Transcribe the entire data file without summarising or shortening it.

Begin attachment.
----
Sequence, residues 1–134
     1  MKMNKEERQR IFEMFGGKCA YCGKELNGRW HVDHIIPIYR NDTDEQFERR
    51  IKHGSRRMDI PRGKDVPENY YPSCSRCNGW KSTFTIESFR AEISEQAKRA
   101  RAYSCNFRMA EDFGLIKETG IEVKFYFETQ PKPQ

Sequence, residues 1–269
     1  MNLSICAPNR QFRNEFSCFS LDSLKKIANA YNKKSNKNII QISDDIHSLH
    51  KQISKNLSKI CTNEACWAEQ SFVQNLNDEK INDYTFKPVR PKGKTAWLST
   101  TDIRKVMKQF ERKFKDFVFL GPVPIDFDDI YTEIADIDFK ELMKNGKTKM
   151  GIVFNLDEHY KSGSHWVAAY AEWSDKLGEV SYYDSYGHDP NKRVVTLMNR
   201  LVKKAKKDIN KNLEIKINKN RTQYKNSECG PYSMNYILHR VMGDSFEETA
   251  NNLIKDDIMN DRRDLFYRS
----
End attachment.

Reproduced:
Sequence, residues 1–134
     1  MKMNKEERQR IFEMFGGKCA YCGKELNGRW HVDHIIPIYR NDTDEQFERR
    51  IKHGSRRMDI PRGKDVPENY YPSCSRCNGW KSTFTIESFR AEISEQAKRA
   101  RAYSCNFRMA EDFGLIKETG IEVKFYFETQ PKPQ

Sequence, residues 1–269
     1  MNLSICAPNR QFRNEFSCFS LDSLKKIANA YNKKSNKNII QISDDIHSLH
    51  KQISKNLSKI CTNEACWAEQ SFVQNLNDEK INDYTFKPVR PKGKTAWLST
   101  TDIRKVMKQF ERKFKDFVFL GPVPIDFDDI YTEIADIDFK ELMKNGKTKM
   151  GIVFNLDEHY KSGSHWVAAY AEWSDKLGEV SYYDSYGHDP NKRVVTLMNR
   201  LVKKAKKDIN KNLEIKINKN RTQYKNSECG PYSMNYILHR VMGDSFEETA
   251  NNLIKDDIMN DRRDLFYRS